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DOJ Issues Guidance on Ability-to-Pay in False Claims Act Cases

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DOJ Issues Guidance on Ability-to-Pay in False Claims Act Cases

On October 8, 2019, Assistant Attorney General Brian Benczkowski announced new guidance for federal prosecutors evaluating whether a corporation is unable to pay a proposed monetary penalty or fine, entitled “Evaluating a Business Organization’s Ability to Pay a Criminal Fine or Criminal Monetary Penalty.”  This guidance, issued as part of DOJ’s initiative to provide increased transparency in corporate enforcement actions, joins previously issued guidance on compliance programs and monitorships.

According to the memorandum, which was issued to all criminal division personnel, federal prosecutors may assess a corporation’s inability only after DOJ and the corporation have agreed on an appropriate criminal resolution and monetary penalty based on the facts of the matter and law.  The burden of establishing an inability to pay rests with the corporation making the claim, and the corporation must cooperate fully by providing access to company personnel responsible for responding to prosecutors’ inquiries. According to a two-page “Inability to Pay Questionnaire,” attached to the guidance, prosecutors evaluating an inability to pay claim should request, among other items, all cash flow projections, all operating budgets and projections, capital budgets and/or projections of annual capital expenditures, any restructuring plans, liens on the company’s assets, audited financial statements, federal corporate income tax returns, and current credit and loan agreements.  The guidance recognizes that in more complex situations, it may be necessary for prosecutors to also consider such factors as the background behind the corporation’s current financial condition, its alternative sources of capital, any collateral consequences, and victim restitution considerations.  Any reduction to a fine requires approval of the prosecutor’s section chief, and if the proposed reduction is greater than 25%, then prosecutors need approval from the assistant attorney general in charge of the criminal division or his/her designee.

Although the U.S. Sentencing Guidelines and federal statutes contemplate a corporation’s inability to pay fines and/or penalties, this guidance fills a void of DOJ guidance on the issue and provides greater clarity for corporations.

A copy of the guidance can be found here.

Hospital Case Manager Pled Guilty to Kickback Conspiracy

On October 10, John Eby, a registered nurse, pled guilty to conspiring with owners of home health agencies to receive illegal kickbacks in exchange for Medicare beneficiary referrals.  As case manager at a nonprofit hospital in Sacramento, California, Eby assisted Medicare beneficiaries in selecting post-acute care providers, such as home health care and hospice agencies.  Eby steered Medicare beneficiaries to specific home health agencies and, in turn, was paid illegal kickbacks by the home health agency owners for the beneficiary referrals.  Medicare paid the home health care and hospice agencies involved approximately $250,000 for services allegedly provided to the 55 beneficiaries Eby referred in exchange for kickbacks.  Eby also pled guilty to one count of receipt of healthcare kickbacks for accepting a $1,000 cash kickback for his referral of five Medicare beneficiaries to another home health agency. Eby faces a maximum of five years in prison for the conspiracy charge and 10 years in prison for the kickback charge in addition to a fine of $250,000 or twice his gross gain or loss for each charge.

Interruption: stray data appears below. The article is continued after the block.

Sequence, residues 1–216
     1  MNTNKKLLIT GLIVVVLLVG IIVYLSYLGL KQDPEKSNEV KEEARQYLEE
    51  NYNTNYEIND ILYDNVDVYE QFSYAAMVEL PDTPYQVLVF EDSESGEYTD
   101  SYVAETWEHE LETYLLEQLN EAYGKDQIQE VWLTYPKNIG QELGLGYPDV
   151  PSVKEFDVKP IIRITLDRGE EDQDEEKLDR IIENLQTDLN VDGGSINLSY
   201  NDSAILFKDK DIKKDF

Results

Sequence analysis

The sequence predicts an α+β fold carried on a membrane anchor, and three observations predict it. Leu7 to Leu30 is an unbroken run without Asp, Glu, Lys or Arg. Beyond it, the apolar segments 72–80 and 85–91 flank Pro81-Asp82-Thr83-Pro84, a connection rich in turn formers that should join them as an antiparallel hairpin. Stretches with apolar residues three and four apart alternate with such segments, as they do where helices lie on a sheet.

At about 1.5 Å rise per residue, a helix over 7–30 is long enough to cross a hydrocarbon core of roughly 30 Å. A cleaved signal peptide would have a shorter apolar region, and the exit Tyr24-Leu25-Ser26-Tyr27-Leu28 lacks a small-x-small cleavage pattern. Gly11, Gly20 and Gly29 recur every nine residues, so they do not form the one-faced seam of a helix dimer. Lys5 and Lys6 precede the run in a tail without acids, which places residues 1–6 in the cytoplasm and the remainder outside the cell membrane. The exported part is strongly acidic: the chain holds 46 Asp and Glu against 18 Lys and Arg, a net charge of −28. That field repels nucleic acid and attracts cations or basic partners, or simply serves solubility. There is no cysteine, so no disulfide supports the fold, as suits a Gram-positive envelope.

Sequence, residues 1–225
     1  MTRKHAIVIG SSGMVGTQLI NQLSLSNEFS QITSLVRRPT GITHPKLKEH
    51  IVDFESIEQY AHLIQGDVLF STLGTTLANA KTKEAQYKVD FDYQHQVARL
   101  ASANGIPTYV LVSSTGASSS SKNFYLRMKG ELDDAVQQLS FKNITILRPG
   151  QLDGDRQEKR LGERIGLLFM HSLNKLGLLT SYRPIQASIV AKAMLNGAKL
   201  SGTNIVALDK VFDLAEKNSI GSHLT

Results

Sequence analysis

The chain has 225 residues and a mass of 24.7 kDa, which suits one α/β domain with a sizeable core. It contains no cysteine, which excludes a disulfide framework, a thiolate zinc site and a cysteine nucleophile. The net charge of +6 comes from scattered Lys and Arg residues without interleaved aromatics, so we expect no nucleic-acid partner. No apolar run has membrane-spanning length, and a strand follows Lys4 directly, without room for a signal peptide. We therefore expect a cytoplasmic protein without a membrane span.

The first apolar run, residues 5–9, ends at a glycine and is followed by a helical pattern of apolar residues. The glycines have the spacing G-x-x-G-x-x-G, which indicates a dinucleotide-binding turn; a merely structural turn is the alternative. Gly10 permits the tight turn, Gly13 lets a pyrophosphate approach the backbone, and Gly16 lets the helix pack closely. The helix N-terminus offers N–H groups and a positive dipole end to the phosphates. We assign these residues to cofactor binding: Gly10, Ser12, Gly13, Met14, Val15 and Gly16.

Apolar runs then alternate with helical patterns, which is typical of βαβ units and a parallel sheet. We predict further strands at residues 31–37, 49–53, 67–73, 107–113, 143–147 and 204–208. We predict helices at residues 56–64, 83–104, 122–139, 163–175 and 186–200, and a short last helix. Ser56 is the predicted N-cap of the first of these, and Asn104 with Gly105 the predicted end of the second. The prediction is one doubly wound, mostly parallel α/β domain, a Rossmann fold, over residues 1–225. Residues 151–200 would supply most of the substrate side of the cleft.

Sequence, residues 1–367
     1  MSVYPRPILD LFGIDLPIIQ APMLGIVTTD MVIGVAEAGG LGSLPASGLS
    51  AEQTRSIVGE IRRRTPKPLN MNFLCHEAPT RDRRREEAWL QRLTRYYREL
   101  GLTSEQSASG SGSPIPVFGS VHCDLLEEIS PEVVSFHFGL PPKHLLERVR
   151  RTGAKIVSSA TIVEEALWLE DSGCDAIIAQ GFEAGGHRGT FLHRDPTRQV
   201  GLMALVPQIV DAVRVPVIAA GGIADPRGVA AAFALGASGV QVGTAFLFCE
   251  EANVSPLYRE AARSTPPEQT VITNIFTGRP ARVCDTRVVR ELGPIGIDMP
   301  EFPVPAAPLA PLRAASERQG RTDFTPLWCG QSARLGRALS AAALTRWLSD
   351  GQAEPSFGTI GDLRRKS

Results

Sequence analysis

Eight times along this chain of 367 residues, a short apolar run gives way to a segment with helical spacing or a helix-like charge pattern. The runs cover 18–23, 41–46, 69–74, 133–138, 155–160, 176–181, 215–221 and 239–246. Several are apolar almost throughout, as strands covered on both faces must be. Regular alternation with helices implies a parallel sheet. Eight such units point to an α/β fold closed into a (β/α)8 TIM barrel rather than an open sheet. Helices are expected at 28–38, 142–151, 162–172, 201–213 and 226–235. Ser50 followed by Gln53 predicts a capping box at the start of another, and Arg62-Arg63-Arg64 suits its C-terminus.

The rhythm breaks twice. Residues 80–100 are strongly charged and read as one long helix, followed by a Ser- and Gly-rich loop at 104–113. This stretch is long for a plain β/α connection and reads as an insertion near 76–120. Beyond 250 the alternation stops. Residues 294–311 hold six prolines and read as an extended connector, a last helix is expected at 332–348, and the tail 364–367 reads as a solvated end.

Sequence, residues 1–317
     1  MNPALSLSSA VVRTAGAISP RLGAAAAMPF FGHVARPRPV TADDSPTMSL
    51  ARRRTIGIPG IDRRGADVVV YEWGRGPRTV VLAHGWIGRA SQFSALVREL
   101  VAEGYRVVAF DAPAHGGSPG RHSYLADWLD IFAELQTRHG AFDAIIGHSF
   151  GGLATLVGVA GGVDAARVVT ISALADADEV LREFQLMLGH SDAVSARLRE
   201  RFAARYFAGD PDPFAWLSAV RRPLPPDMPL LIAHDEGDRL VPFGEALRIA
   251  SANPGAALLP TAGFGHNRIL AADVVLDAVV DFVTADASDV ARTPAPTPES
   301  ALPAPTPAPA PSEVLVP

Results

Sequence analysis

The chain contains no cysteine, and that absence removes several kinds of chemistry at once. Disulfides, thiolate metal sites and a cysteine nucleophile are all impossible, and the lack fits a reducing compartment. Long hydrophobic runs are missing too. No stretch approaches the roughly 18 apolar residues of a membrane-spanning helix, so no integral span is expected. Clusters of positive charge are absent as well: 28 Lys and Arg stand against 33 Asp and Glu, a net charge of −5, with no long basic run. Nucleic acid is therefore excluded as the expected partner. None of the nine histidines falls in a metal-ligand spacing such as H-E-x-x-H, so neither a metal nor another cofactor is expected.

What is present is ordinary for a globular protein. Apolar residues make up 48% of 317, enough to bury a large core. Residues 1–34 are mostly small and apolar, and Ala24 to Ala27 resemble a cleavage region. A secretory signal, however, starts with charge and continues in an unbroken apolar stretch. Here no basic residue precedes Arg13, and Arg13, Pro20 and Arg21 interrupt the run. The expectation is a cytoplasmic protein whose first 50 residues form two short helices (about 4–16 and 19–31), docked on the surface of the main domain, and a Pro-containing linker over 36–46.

Read the DOJ press release here.

Savannah Doctor Found Guilty of Healthcare Fraud and Illegally Dispensing Drugs

On October 11, a Savannah doctor was found guilty on three counts of healthcare fraud and thirteen counts of unlawful dispensation of controlled substances by a federal jury in the Southern District of Georgia after a three-and-a-half day trial.  According to the evidence presented at trial, Dr. Frank Bynes, Jr., who worked at Georgia Laboratory Diagnostic and MBA Community Clinic, wrote prescriptions for narcotics, including the “holy trinity” drug cocktail of alprazolam, Soma, and opioids to his patients, despite knowing multiple patients had suffered from an overdose.  This drug cocktail was prescribed by Dr. Bynes to Medicare patients more frequently than any other physician in the United States, as well as to patients addicted to controlled substances.  Dr. Bynes’s convictions for healthcare fraud stem from his submission of over $2 million in fraudulent pharmacy claims to Medicaid, Medicare, and Tricare.

Read the DOJ press release here.

Iowa Doctor To Pay $1 Million to Resolve False Claim Allegations

An otolaryngologist, Dr. Tracey Wellendorf, in Northwest Iowa agreed to pay $1,000,000 to resolve False Claims Allegations concerning approximately 115 procedures she performed on Medicaid beneficiaries during a 13-month span from October 13, 2014 to November 27, 2015.   Dr. Wellendorf is alleged to have submitted claims for endoscopic sinus surgeries that were either not medically necessary or incorrectly coded for payment. Dr. Wellendorf entered into an agreement with the Department of Health and Human Services Office of Inspector General that requires her to engage in enhanced compliance measures for three years.

Read the DOJ press release here.

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